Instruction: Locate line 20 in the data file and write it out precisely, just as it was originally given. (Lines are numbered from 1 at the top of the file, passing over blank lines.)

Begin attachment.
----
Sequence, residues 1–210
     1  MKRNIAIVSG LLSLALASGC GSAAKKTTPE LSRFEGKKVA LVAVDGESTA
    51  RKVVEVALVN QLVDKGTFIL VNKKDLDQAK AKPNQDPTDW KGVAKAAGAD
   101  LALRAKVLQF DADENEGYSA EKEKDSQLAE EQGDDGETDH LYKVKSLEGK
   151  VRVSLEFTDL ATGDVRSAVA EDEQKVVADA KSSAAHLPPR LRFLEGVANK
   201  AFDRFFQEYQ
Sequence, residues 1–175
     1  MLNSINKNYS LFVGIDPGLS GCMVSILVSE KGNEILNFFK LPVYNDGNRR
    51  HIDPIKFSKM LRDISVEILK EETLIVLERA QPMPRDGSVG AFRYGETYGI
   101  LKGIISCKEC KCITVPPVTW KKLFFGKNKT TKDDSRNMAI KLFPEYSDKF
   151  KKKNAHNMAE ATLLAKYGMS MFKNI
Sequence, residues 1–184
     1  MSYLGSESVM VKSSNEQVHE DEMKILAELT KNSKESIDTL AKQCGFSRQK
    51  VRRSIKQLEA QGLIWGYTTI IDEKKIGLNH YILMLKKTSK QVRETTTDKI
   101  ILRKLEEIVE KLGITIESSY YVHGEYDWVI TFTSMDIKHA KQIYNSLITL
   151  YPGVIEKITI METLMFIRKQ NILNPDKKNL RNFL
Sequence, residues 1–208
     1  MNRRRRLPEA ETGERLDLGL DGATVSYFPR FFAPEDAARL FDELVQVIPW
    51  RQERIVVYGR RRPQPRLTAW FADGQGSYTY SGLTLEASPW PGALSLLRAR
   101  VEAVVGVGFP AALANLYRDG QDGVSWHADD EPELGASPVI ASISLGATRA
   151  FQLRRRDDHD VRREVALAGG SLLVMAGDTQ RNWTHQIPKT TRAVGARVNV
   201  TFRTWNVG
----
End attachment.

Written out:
   101  VEAVVGVGFP AALANLYRDG QDGVSWHADD EPELGASPVI ASISLGATRA